But they played as a three-piece, adding a second guitarist in to take care of some of the looping effects that Meric Long does on the record.

Extra bonus Dodo.

I found their set dull after the excitement that Times New Viking ended with. The Dodos songs are long and noodling, unlike the short fast focus of TNV.


: At one part during their set, The Dodos seemed to be doing a note for note re-write of Born on a Train by the Magnetic Fields. In fact, both the music and vocals were so close that I actually asked Malimus if they were covering the afore-mentioned tune. However, apparently, it was an "original". I don't know the name of The Dodos' song; however, I guess if you're going to model on something, a band can choose worse things to look at.

Baby, they were born on a train...


Overall, my impression of The Dodos is unchanged. Their music is not bad: it has some interesting layers and rhythms, and some of their songs are pretty fun. But there is just something lacking, something to move them from the category of "OK bands" into the category of "bands i like". Maybe they need a bassist or something, but their music is just too thin to really engage me.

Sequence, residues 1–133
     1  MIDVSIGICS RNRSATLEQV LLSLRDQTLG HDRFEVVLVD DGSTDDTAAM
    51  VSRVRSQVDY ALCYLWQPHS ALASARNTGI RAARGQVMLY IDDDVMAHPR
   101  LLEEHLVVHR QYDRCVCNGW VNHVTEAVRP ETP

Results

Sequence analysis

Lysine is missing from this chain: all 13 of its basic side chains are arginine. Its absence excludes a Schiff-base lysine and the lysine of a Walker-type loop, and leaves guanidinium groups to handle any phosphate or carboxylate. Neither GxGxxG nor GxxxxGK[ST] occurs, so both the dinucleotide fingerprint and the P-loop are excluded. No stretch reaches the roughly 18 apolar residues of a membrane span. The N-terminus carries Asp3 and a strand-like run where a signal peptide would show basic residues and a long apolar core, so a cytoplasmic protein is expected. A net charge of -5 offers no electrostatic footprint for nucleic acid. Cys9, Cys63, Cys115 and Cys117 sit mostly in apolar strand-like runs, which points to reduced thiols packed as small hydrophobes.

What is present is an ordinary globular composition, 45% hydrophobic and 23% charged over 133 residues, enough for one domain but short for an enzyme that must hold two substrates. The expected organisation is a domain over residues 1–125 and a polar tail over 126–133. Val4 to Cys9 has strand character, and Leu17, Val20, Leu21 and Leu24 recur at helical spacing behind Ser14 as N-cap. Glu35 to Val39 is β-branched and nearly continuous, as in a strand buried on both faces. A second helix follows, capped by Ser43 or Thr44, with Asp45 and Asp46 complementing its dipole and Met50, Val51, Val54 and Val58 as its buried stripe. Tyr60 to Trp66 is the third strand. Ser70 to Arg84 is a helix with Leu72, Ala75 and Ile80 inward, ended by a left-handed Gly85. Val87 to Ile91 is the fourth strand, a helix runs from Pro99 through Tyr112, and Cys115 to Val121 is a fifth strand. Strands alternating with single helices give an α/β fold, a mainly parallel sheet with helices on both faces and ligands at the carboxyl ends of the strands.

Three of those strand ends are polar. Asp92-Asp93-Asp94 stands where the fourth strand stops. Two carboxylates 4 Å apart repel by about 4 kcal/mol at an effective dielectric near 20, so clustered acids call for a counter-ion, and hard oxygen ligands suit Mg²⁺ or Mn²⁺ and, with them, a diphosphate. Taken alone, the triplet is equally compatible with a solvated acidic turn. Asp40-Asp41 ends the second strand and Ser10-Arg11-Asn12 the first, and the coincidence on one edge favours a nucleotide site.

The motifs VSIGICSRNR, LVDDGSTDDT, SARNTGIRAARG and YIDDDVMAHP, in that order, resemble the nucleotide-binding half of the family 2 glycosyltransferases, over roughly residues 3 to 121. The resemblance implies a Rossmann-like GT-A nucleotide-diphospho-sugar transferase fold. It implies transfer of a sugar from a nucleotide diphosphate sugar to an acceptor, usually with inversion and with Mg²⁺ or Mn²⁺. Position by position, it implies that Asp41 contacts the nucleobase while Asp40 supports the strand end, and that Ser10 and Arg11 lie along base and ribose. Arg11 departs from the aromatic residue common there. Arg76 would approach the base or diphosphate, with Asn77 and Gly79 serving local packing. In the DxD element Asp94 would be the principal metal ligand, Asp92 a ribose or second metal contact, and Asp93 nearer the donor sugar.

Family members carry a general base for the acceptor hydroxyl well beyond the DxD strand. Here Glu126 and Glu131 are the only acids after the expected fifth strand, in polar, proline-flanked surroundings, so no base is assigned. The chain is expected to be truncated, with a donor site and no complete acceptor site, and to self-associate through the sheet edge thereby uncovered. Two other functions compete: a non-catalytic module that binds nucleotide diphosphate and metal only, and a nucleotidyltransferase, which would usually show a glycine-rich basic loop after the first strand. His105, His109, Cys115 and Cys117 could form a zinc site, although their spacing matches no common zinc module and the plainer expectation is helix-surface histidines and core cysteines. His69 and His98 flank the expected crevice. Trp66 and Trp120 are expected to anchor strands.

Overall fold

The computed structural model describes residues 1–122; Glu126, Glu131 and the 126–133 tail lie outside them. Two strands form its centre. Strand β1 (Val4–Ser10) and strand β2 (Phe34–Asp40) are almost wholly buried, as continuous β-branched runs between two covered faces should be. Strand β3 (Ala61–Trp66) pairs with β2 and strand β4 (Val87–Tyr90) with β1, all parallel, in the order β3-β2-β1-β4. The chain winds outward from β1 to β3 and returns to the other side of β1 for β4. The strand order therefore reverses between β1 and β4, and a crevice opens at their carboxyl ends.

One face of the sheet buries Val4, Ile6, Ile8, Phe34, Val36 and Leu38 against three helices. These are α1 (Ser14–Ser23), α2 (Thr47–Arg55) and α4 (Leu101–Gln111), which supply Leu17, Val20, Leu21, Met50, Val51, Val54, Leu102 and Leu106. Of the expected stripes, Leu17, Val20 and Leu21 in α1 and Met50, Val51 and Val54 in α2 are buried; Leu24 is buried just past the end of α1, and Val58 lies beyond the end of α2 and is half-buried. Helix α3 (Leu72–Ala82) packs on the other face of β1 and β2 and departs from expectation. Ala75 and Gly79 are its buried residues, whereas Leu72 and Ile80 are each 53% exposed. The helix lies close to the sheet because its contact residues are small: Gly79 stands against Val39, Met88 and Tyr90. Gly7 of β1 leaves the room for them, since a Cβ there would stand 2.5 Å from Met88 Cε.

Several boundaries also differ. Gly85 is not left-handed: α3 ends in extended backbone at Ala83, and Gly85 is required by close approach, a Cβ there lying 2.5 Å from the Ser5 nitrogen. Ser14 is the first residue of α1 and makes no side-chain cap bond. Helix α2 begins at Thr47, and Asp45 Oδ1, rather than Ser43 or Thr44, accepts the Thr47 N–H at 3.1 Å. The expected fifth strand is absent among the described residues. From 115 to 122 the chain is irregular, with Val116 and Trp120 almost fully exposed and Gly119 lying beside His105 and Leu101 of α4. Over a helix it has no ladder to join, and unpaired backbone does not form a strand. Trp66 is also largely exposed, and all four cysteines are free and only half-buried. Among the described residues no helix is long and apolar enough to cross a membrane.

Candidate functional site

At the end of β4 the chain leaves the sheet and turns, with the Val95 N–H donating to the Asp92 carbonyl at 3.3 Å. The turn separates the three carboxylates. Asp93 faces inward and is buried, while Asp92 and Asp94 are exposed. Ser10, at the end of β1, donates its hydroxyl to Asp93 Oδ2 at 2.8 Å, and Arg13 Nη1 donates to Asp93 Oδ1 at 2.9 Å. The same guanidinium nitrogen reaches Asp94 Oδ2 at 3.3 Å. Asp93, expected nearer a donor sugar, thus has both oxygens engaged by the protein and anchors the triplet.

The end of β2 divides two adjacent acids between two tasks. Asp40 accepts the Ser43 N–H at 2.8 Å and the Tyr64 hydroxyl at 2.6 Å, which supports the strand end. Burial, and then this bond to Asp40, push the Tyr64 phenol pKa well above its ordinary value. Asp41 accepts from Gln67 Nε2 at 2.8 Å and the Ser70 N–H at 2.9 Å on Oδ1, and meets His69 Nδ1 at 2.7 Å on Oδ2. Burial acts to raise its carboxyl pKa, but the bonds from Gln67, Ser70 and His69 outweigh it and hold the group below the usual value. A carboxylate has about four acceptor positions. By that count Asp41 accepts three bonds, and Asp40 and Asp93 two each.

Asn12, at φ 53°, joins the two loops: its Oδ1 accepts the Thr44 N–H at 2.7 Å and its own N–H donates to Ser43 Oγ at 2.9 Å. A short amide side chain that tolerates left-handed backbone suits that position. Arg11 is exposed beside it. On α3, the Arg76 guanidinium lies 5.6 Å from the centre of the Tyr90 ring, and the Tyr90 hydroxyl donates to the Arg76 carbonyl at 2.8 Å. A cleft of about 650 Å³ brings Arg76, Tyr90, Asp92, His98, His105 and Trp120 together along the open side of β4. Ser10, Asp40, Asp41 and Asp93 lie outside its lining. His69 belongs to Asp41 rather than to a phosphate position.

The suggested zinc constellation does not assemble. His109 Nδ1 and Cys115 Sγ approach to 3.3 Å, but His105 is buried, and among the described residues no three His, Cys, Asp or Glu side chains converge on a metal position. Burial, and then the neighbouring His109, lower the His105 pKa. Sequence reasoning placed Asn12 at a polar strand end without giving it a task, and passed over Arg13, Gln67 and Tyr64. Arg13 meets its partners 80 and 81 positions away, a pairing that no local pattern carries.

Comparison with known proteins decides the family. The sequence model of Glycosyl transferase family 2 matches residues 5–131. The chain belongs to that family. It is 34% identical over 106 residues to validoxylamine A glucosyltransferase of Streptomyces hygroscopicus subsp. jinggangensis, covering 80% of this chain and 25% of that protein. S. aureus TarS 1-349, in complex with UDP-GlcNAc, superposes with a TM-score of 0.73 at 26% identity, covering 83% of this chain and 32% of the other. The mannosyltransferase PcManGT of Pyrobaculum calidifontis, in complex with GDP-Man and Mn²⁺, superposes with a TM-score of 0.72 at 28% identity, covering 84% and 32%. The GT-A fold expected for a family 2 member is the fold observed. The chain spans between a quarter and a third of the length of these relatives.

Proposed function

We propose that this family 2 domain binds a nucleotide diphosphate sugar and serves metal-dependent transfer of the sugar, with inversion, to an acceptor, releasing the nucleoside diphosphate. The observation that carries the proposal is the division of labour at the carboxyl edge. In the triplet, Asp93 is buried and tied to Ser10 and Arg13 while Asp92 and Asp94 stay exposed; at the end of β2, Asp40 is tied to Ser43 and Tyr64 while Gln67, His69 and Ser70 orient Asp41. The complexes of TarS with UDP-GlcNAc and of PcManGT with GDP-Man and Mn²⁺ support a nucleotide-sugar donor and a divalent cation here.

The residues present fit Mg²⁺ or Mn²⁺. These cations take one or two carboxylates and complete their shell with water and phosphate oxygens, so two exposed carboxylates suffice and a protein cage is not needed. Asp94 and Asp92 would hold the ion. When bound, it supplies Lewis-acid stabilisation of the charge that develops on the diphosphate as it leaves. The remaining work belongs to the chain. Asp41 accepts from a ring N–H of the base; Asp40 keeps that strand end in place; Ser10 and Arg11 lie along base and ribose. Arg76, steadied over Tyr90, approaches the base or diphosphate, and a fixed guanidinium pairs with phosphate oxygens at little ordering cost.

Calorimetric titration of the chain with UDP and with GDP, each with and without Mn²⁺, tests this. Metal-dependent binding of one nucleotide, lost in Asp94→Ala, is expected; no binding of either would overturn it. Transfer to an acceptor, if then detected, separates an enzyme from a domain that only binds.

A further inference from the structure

Drumming dodo.

And then, we waited for Superchunk. Excitement was palpable among The Minions, especially after the soundguy set a copy of the setlist on the soundboard, which was right in front of where we were standing.

  Looking at that set list, I was truly excited, especially as I counted at least one song on the list which I had never heard live before. But more on that later.  

They started just after 10 PM. As the band walked on Mac McCaughan commented on how, when having an email discussion about this show, he suggested they start with an older, more obscure song. The band agreed, and they tore into Swallow That, a song which i disliked in our recent review of On the Mouth. At six minutes, it was one of the longest Superchunk tunes to date when they recorded it, and i found it a little meandering. Live, it still meandered.

Superchunk encourage you to Swallow That before pogoing.

They then played two songs off of Majesty Shredding, their 2010 record that EvilSponge did not review. Both were pretty good, and i think that Learned to Surf is my favorite on that record. It has a great pace, and live it really rocked.